In short order, they get lured into a trap and captured by the Seal Men. They are locked in a dungeon with Santa, but easily escape when Sandman melts its wall with his hypnosonic whistle. Unfortunately, they are immediately recaptured.

As they are taken before the king of the Seal Men, we learn the reason for their war against Santa. Seems they haven’t been happy with the gifts Santa’s been bringing for Christmas: wool gloves that don’t fit their flippers, scuba equipment, and fishing rods! If they can’t have a merry Christmas, neither will anyone else.

Sandman and Jed explain that even Santa can make a mistake. “You just got the wrong gift boxes by mistake,” says Jed. “Somewhere out in the Sahara Desert or someplace, there are probably kids wondering what they’re supposed to do with cases of frozen fish they got.” [Okay, and what were kids in the Sahara Desert going to do with gloves, scuba gear, and fishing rods?]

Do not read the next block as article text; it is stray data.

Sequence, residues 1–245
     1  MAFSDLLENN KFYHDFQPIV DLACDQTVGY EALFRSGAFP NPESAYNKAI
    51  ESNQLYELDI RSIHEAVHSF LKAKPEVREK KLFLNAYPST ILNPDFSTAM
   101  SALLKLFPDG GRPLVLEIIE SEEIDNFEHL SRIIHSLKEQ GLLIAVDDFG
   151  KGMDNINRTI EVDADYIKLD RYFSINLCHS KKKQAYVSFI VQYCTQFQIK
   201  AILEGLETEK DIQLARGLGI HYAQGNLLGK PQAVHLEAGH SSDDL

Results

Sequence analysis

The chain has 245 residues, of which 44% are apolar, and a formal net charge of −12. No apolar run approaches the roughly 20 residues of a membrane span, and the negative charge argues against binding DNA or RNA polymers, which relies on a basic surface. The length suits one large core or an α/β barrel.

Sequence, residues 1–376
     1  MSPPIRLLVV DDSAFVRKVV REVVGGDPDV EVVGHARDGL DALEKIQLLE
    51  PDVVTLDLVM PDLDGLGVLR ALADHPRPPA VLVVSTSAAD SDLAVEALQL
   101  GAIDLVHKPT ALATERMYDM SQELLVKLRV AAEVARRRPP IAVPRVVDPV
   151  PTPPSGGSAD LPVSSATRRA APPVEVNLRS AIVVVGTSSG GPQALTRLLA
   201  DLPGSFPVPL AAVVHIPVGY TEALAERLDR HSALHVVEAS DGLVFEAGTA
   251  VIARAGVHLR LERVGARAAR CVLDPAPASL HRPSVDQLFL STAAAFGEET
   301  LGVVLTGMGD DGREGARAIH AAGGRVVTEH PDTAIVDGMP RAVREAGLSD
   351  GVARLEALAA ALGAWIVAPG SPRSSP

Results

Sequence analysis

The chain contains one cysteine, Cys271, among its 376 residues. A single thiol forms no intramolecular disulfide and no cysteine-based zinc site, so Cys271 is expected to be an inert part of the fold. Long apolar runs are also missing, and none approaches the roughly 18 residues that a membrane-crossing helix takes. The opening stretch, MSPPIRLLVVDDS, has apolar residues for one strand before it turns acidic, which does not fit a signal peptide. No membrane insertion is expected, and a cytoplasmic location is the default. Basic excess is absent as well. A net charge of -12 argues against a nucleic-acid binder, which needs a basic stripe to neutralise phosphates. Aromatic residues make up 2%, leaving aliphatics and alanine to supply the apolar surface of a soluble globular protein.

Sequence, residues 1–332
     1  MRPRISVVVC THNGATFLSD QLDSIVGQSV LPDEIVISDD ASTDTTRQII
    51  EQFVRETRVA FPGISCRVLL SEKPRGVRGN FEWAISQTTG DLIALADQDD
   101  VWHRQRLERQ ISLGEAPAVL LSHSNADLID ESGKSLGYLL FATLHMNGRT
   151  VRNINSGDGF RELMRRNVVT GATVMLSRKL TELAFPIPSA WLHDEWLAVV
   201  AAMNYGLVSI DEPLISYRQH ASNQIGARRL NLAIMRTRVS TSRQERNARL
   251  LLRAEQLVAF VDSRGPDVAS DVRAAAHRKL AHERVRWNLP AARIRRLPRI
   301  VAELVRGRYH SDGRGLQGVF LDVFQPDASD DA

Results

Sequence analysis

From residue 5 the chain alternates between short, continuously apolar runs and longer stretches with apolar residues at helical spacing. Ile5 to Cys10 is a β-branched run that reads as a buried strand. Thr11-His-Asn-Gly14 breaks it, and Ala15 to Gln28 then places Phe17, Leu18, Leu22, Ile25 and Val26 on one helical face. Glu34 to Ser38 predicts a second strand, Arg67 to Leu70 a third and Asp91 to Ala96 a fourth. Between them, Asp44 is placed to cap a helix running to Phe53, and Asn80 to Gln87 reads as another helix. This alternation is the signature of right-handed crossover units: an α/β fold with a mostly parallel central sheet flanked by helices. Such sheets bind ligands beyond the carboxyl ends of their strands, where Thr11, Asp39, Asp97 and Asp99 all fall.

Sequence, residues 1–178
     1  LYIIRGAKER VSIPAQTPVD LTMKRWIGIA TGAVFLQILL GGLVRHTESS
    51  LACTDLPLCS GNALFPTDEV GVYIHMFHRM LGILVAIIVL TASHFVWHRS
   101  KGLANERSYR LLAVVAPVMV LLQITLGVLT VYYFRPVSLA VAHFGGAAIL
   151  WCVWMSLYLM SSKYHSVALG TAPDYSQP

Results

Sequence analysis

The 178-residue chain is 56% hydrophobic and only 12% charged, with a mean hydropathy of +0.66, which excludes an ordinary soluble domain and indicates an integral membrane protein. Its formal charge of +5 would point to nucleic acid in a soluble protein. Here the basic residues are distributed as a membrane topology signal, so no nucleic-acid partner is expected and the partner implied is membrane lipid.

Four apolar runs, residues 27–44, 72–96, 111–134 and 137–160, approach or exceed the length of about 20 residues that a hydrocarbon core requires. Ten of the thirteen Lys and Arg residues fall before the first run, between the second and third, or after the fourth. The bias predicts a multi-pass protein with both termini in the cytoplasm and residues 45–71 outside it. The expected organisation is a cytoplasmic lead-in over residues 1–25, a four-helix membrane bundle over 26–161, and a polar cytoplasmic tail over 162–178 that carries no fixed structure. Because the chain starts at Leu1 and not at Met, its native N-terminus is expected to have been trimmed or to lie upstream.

Once Santa promises to have his elves exchange the gifts, the trio is set free. Christmas is saved, or so it seems until they get back to the workshop and find Mrs. Claus bound and gagged by Rodney. He’s not about to let the existence of Santa interfere with his inheritance.

It’s Sandman’s sand capsules to the rescue and, once Rodney is overcome, we switch to Gotrox’s mansion. Santa drops the bound up Rodney down the chimney, then arrives himself, convincing the millionaire to make the contribution he promised.

The story finished, we’re back in the Dream Dome where Sandman explains to Kamandi that “in another reality…your name would have been JEB instead of Kamandi.” [In still another, where the proofreading is better, it would have been JED!]